Monday, October 19, 2020

Schlumberger Shares Fall as Investors Drill into Q3

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What’s happening: Shares of Schlumberger fell sharply on Friday despite the world’s largest oil services company reporting upbeat earnings for the third quarter.

What happened: Schlumberger kicked off the earnings season for US oil service providers on a positive note. Oil companies have been under pressure with fresh lockdowns in some countries due to rising infections threatening a rebound in energy demand.

Despite profits coming in higher than expectations, Schlumberger’s results for the third quarter was the worst in the past 13 years.

How were the results: The oil services company reported a net loss for the third straight quarter, with a decline in revenues.

  • Revenues contracted 38% to $5.26 billion, missing the consensus view of $5.40 billion.
  • Net loss stood at $82 million, or 6 cents per share.
  • Excluding non-recurring items, earnings slipped to 16 cents per share, from 43 cents per share in the same quarter last year. The figure exceeded expectations of 12 cents per share.

Why it matters: Crude prices have remained depressed as the world crawls out of the coronavirus crisis with several setbacks. With revenues being hit, Schlumberger has been focusing on reducing costs. Faced with a massive slowdown in global oil production, the company announced plans in July to cut a quarter of its staff, representing around 21,000 jobs.

Schlumberger’s North American business suffered for more than the international markets. Revenues in the region tumbled to $1.16 billion last quarter, from $2.85 billion in the year-ago quarter. Faced by this, management decided to divest the North American pressure pumping business, which was once a major growth driver for the company. Schlumberger announced plans to sell a majority stake in the business to Liberty oil-field services.

The company’s production revenue shrunk 43% to $1.80 billion, although this exceeded the consensus estimate of $1.71 billion. Drilling revenue missed expectations, falling 38% to $1.52 billion.

“International activity is steady following budgets resets completed in the third quarter,” CEO Olivier Le Peuch said, trying to calm investor nerves. “In North America, the conditions are set for continued momentum, with improving DUC well completion activity in US land and a modest drilling resumption in the US and Canada.”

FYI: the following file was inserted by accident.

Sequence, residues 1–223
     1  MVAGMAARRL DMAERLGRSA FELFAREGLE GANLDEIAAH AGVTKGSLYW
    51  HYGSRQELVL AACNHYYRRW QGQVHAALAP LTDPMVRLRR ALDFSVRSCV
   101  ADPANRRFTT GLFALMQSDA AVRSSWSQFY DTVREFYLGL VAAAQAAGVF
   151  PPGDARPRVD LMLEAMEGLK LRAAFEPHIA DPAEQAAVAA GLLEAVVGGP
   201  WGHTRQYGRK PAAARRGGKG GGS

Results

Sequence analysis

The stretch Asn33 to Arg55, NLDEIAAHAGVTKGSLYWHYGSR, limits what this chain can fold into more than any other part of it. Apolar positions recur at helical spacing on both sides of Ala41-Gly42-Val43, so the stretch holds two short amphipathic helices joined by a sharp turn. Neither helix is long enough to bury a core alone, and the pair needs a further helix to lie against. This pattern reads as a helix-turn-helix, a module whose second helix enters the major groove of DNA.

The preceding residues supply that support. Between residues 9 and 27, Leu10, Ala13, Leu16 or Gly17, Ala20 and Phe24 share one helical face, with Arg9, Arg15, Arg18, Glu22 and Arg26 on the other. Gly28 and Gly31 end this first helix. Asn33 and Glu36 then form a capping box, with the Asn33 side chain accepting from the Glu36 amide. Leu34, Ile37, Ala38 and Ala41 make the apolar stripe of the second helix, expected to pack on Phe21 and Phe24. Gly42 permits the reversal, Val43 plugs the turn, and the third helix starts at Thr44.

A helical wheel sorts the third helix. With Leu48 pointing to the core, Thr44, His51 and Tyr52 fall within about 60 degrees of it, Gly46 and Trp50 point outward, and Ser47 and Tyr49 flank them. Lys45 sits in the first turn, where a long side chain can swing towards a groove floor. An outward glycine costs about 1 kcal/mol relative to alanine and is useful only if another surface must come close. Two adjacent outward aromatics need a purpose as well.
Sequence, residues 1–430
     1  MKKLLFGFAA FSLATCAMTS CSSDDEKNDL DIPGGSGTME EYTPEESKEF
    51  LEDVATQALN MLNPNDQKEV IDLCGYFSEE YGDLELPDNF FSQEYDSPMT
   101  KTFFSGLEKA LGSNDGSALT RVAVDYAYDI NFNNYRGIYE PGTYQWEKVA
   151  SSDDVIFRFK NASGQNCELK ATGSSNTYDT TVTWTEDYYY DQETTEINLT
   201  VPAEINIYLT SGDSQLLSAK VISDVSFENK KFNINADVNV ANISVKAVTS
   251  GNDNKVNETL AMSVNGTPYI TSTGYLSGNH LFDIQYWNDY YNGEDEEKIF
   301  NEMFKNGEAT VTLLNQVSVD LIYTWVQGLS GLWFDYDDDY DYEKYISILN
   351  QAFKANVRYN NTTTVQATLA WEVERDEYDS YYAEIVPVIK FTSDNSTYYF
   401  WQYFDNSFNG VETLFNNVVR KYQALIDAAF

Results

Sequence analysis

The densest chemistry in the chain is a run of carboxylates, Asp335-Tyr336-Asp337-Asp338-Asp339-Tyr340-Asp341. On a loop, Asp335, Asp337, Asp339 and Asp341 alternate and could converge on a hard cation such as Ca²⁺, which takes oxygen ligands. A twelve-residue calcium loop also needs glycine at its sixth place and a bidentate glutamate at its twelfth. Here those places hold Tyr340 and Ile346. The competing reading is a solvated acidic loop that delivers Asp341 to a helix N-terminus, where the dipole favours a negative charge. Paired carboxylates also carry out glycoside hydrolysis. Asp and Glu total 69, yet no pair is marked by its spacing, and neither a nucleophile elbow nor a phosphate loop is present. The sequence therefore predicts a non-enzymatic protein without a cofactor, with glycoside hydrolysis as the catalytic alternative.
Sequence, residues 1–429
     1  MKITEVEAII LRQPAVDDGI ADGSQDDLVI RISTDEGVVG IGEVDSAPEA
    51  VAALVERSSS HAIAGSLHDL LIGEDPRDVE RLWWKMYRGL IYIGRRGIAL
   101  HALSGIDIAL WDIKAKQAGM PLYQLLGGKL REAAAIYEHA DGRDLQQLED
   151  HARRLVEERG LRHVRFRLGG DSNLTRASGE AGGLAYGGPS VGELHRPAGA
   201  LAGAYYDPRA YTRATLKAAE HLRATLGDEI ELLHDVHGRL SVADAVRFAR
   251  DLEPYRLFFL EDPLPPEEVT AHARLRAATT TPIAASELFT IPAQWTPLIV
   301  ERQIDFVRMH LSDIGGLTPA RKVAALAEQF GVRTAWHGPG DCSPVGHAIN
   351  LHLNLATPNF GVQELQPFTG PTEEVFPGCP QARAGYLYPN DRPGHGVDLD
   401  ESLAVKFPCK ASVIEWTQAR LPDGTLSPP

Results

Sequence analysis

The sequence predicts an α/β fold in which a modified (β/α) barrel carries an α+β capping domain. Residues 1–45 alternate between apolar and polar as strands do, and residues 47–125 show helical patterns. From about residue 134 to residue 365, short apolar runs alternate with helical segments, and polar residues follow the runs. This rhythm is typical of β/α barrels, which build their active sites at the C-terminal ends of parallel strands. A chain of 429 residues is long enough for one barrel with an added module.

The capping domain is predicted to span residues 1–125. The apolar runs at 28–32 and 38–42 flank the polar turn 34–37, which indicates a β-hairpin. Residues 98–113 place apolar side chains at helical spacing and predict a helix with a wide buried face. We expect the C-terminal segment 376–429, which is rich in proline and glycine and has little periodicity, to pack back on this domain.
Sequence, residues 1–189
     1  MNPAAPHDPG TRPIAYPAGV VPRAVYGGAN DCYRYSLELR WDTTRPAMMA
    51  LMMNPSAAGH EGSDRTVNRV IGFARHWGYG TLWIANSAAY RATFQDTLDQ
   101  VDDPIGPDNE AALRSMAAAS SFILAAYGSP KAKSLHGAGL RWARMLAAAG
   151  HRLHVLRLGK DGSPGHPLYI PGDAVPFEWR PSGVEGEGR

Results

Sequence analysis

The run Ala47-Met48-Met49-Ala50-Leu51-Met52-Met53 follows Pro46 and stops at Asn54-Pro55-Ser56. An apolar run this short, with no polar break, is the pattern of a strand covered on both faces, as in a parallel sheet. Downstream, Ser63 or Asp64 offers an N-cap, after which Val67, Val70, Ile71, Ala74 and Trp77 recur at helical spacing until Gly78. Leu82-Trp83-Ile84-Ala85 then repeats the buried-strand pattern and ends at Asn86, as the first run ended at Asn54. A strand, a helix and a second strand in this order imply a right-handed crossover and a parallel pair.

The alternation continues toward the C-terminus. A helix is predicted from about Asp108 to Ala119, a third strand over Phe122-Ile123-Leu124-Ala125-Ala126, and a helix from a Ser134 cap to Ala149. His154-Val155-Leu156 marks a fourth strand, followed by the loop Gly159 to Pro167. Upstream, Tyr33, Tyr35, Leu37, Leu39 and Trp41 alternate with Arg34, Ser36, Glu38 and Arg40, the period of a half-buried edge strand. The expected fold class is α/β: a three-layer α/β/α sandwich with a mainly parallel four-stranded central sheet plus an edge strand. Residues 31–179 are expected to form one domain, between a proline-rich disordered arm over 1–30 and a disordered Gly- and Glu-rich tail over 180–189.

How shares responded: Schlumberger’s shares plummeted 8.8% to close at $14.97, recording its lowest settlement price since April 21. The company recorded its biggest single-day post-earnings fall since when it reported its Q3 results on October 19, 2007.

What to watch: Investors will look for signs of strength in the company’s international business. Markets will also remain abreast of crude prices, covid-19 figures and related lockdown moves and updates on the US stimulus package.

The Markets Today

     

European stocks will be in focus today, ahead of the Eurozone’s construction output report and speeches by ECB’s (European Central Bank) members.

Context: European stocks recovered on Friday, supported by strong results from various companies. However, covid-19 cases continued to rise in the region, threatening the gains in the equity market.

Details: Investors remained concerned about the rising number of coronavirus infections around the world, especially in Europe, which has forced many countries to impose restrictions again. London announced a ban on household gatherings, while night-time curfews have been declared in various French cities. Germany also tightened its control on gatherings.

There was some positive news related to covid-19, with Pfizer saying that it expects to file for Emergency Use Authorization next month, given the efficacy results from its covid-19 vaccine candidate.

Investors also digested news of UK Prime Minister Boris Johnson saying that the country should remain prepared for a no-deal Brexit.

On economic data front, the European Union reported a rise in passenger car registrations for the first time in the year, with numbers up 3.1% in September.

Volvo reported upbeat earnings for the third quarter, which helped its stock record gains of 3% on Friday. Shares of LVMH Moet Hennessy Louis Vuitton SE climbed more than 7% after the company reported healthy revenue growth for the third quarter.

The Stoxx Europe 600 index gained 1.3% to close at 367.48 on Friday, following a 2% decline in the previous session, its biggest single-day decline since September 21. The index shed around 8% last week.

The German DAX 30 gained 1.6%, while the French CAC 40 and London’s FTSE 100 moved higher by 2% and 1.5%, respectively.

What to watch: Markets await construction output data from the Eurozone and speeches from ECB President Christine Lagarde and chief economist Philip Lane. Construction output in the Eurozone had contracted by 3.8% in July, after a 4.8% decline in June.

Other Markets: US indices closed mostly higher on Friday, with the Dow Jones index and S&P 500 up 0.39% and 0.01%, respectively. The Nasdaq 100 bucked the trend, slipping 0.36%.

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What else to watch today

     

Spain’s Balance of Trade, Canada’s Wholesale Sales and Bank of Canada’s Business Outlook Survey as well as the US NAHB housing market index and Fed Chairman Jerome Powell’s speech.